3. One thing the album seems to do is balance different styles. The songs have a lot from prog, more than a bit of hardcore and some doom in them. When you started putting together the demo in 2006, how clear of an idea did you have of what you wanted to do stylistically? When you’re writing when does something start to take shape as a Chowder song?

I know that no matter what I write that these guys can play it and they’re up for trying it out which is the beauty of this band in my eyes. There’s never been a conversation about what we should sound like or, “is this new song really us?” I know we’re not breaking any new ground here but the idea has always been to just write what sounds good, what feels right. The demo was actually recorded in 1997. John Brenner released it for download on his Bland Hand Records label around 2006. No, it’s never been clear. I’m so heavily influenced and have been by so many different kinds of music and bands that it’s nearly impossible to write within a style on purpose, if that makes any sense. Like if you were to tell me to write a straight doom metal song, I would have trouble. Same goes for anything else, punk, hardcore, rock. Everything seems to channel through some screwy filter and come out all twisted up. If I’m writing, it’s a Chowder song. If I start playing something on the guitar and it sounds like it could be a potential Earthride riff, for example, I usually have to change some element about it to make it fit. Music loses its power when it tries too hard to capture a certain vibe or sound. If you can easily stuff my band into a genre then I’m probably not living up to my full potential as a musician.

4. When in the recording process for Passion Rift were the samples, keyboards, mellotrons, theremin added? How much of that stuff comes from experimenting in the studio and how much is thought out beforehand?

Most of those things were recorded after the basic guitar, bass and drum tracks. There are a few parts in the there that were recorded with me on synth with the bass and drums at the same time though. Any part like that was written and rehearsed long before we booked recording time. The track “Mysterioid” was written almost entirely in studio with only the main synth notes worked out before. It and “Mazuku” were both intended to be production pieces only so we had some room to mess around with them in there. Adding a bunch of different things, getting out of hand with it. Everything else is written. Anything you hear in the other songs was worked out ahead of time at home and at rehearsal. We were very lucky to meet Jim Rezek through our engineer Mike Potter. Jim has the nicest vintage synthesizer and keyboard collection I’ve ever seen and was entirely open to the idea of us coming to his house and recording some tracks on his equipment.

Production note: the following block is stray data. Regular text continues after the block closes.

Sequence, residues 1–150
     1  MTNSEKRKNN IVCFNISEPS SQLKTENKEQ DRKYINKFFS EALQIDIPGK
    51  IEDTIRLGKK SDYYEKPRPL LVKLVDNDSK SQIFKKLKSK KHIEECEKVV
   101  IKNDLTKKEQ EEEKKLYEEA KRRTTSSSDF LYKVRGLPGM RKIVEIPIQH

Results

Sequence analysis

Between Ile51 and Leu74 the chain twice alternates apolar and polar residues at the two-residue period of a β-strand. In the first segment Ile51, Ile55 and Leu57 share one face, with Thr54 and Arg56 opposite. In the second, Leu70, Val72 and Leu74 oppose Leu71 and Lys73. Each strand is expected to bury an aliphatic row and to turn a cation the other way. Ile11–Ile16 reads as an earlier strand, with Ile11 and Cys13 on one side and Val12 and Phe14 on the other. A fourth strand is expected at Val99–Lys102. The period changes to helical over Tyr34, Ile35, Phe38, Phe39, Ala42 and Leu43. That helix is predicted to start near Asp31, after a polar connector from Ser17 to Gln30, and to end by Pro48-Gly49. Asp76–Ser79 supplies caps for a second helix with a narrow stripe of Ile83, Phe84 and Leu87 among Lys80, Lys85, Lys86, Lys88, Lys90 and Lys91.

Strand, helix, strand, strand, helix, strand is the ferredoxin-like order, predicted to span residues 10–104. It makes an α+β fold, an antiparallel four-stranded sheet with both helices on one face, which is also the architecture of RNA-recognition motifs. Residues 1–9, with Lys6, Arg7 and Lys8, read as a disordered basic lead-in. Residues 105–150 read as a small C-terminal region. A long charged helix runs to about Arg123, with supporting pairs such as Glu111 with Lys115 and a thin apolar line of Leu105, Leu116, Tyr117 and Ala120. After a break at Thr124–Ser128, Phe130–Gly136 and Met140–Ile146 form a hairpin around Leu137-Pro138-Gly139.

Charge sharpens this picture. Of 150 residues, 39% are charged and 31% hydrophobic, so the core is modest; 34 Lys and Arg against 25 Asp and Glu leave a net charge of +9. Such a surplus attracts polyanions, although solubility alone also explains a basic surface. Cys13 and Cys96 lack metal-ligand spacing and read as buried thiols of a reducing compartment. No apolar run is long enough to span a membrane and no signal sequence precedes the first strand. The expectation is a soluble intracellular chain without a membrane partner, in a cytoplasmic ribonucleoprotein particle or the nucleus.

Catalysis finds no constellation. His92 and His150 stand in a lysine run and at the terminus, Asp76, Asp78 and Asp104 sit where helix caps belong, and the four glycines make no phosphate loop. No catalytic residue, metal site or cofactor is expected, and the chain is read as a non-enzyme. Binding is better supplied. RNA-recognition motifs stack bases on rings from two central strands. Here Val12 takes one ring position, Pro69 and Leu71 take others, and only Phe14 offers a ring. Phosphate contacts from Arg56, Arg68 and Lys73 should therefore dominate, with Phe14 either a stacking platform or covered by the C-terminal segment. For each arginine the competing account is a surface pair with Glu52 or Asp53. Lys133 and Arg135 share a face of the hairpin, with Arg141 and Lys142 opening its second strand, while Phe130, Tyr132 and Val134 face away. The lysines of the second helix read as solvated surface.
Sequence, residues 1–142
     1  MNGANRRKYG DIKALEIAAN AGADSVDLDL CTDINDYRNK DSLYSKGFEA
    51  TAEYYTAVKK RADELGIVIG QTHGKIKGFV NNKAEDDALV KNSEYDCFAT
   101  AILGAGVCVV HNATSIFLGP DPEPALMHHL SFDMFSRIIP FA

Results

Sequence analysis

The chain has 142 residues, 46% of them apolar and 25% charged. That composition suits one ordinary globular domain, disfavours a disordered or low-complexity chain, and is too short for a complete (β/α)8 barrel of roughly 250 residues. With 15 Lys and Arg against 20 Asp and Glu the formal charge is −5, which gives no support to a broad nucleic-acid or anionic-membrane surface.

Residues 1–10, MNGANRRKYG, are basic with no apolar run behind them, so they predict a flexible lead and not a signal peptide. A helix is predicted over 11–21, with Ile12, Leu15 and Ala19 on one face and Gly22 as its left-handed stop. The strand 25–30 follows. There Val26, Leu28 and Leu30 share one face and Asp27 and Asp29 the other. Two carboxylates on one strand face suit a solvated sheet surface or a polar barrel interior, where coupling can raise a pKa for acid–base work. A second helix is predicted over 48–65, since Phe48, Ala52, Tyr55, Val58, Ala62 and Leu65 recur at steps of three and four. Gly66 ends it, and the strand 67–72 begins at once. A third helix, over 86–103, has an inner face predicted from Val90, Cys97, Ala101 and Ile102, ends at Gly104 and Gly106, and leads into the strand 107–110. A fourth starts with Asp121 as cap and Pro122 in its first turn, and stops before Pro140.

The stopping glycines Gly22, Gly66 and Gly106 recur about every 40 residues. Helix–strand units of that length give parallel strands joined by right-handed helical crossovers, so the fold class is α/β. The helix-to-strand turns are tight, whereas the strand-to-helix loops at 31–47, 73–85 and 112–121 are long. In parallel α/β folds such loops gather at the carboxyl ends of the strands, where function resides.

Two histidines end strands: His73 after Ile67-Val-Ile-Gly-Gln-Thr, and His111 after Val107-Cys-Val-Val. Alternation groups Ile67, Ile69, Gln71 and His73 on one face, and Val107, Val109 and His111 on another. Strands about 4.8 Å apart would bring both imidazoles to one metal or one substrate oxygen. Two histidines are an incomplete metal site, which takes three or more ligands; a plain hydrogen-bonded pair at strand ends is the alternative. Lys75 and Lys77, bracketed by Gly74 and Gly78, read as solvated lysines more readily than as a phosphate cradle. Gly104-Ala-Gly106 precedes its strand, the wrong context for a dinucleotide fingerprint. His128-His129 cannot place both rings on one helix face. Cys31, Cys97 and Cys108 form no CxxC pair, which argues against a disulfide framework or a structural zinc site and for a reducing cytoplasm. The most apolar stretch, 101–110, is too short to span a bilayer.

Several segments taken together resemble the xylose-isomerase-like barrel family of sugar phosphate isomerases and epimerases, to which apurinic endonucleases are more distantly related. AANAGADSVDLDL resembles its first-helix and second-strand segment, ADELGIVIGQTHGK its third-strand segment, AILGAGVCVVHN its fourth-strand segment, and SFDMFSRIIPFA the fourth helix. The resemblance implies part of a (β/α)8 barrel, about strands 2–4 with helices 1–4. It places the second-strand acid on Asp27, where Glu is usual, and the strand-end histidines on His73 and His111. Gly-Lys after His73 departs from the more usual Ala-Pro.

5. What are some of the differences for you between playing guitar in Chowder and playing bass in Earthride? Are there things the two bands have in common, or is it a totally different experience?

Laziness. In Earthride, I’m able to lay back a good bit and stay in the pocket with Eric, which was something I missed while playing all this wacko, technical music for so long. I can just live out my Geezer Butler fantasy while relaxing up there and groove to the massive heaviness. With Chowder something is coming down the pipe at all times. A chord or key change, a solo, something to trigger on the pedals. It requires a shitload of concentration and I’m going to go so far as to say it isn’t much fun. When we’re playing that material live and we nail it, it’s very rewarding but I’m not so sure it’s worth the panic attack I’m about to have about every 30 seconds attempting it. I totally get why bands like Rush and Genesis simmered down on that shit over the years. It wasn’t just for the sake of selling records! And those guys are WAY better at that stuff than we’ll ever be. I gained a hell of a lot more respect for what bands like that accomplish in a live setting trying to be fancy like them. Ultimately, it’s two different experiences, both rewarding though. I have loved playing other people’s music because each one taught me something new that I’ve taken with me and implemented in writing my own songs or how to behave (or not). Joining Earthride was almost a no brainer anyway because I went to high school with those guys. We’ve been friends a long, long time. Hell, Eric and I were in our first band together with Kelly Carmichael from Internal Void back in 1985. So it feels like home. Chowder feels like a draconian P.O.W. camp in Siberia…only less smiling.